Monday, July 25, 2011

Meeting of the UN for Africa

The United Nations has convened Monday, July 25 in Rome, an emergency meeting to stop the famine in the Horn of Africa where 12 million people are affected by drought, under pressure from NGOs calling on leaders world to keep their promises. According to the United Nations Food and Agriculture Organization, tens of thousands of people have died in recent weeks, victims of drought, the worst for sixty years, affecting the entire region: Somalia , where the UN has formally declared the famine in two southern regions, Ethiopia, Kenya, Djibouti, Sudan and Uganda.

The Secretary-General Ban Ki-moon called for an urgent meeting of $ 1.6 billion just to Somalia, where "children and adults die each days at a terrifying rate. " "Delays can cause even more deaths," he warned while UN agencies have received only half the amount needed for assistance programs.

Just before the opening session, about thirty persons, including singer Bob Geldof, who mobilized the world against hunger in the 1990s with his Band Aid, required that member countries of FAO "announce the amount of their help and find the money without delay, straightforward and unequivocal.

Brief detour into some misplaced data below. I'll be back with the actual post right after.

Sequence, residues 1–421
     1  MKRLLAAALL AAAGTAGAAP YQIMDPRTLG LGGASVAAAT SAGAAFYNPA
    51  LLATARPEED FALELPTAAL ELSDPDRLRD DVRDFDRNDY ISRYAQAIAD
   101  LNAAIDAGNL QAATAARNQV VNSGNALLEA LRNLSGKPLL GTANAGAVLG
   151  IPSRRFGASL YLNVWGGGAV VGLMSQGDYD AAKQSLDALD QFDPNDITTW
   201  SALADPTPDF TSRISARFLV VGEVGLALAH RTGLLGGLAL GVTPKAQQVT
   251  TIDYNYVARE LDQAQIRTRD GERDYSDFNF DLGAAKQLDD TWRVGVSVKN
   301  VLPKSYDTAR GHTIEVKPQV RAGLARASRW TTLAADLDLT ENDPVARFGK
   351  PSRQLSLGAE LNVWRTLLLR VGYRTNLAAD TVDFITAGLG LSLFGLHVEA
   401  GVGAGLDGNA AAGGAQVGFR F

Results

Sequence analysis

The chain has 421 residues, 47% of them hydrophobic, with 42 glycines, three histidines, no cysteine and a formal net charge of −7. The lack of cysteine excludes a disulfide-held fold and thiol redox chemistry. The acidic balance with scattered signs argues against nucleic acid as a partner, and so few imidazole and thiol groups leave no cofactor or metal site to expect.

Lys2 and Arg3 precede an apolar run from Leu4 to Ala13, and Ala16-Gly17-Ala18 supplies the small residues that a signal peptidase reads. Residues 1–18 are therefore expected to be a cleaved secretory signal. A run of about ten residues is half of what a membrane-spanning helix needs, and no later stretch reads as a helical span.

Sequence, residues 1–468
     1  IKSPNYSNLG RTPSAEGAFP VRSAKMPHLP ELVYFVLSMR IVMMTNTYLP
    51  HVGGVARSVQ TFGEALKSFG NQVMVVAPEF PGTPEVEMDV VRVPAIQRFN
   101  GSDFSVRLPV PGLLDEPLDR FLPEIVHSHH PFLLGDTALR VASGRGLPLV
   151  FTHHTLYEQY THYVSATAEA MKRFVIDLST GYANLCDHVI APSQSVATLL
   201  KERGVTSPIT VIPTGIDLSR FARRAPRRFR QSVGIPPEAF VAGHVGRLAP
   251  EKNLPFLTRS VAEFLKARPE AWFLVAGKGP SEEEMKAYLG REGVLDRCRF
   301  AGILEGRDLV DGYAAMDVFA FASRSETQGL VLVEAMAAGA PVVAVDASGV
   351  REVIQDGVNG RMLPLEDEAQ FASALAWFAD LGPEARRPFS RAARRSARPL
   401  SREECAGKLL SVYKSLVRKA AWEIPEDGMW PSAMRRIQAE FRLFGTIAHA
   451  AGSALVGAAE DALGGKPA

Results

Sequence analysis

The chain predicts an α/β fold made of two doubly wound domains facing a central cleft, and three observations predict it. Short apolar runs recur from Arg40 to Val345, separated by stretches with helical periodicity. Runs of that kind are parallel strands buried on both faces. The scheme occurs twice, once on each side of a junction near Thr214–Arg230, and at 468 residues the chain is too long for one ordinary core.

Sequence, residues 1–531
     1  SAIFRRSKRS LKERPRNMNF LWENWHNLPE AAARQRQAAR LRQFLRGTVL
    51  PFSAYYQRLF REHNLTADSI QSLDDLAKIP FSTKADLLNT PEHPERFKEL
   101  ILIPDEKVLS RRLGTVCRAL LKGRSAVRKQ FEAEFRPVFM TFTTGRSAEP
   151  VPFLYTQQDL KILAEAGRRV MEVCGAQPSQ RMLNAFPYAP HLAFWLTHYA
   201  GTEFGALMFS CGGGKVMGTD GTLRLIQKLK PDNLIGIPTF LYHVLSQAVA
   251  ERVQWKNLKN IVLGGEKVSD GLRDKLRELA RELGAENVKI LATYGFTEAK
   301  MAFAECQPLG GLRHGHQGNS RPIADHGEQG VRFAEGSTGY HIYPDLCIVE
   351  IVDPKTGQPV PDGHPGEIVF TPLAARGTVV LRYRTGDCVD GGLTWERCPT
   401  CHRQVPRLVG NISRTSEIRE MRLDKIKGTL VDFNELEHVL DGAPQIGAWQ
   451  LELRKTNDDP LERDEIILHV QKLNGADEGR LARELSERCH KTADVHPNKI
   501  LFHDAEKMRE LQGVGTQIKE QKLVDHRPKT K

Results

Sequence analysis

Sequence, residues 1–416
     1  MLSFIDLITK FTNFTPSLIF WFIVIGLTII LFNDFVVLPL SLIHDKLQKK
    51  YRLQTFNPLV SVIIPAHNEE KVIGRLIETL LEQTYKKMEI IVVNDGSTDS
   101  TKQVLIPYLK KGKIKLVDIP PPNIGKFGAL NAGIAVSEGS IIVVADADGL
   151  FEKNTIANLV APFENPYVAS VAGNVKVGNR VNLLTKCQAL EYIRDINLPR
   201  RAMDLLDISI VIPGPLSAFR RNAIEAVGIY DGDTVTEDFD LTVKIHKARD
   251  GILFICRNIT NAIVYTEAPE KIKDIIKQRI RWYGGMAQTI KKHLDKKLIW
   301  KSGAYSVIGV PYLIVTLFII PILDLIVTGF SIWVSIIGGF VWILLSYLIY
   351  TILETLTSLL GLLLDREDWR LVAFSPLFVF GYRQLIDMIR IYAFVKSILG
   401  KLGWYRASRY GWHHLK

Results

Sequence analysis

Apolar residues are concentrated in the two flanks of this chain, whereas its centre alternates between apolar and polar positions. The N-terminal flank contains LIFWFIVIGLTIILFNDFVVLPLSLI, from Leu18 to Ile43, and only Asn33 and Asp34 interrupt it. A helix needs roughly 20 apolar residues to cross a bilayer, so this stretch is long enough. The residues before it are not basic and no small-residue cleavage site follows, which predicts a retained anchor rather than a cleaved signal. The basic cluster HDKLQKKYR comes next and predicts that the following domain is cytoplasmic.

" "We know what to do. We know it's affordable and essential. We only lacked the political will "denounce the signatories, including the Ivorian singer Tiken Jah Fakoly, the actor and British director Stephen Fry, the actress Kristin Scott Thomas. One non-governmental organization, founded by the singer Bono fight poverty, has in turn launched a petition on the Net to call world leaders to keep their promises.

The petition was signed by over 37,000 people. Participants must also address the crucial issue of soaring food prices and consider long-term solutions, such as assistance to farmers or the introduction of plants more drought resistant. He also discussed the distribution of food aid in areas of Somalia controlled by Islamic insurgents Shebab that prohibit access, while Sunday the International Committee of the Red Cross (ICRC) was able to distribute nearly 400 tons of food.

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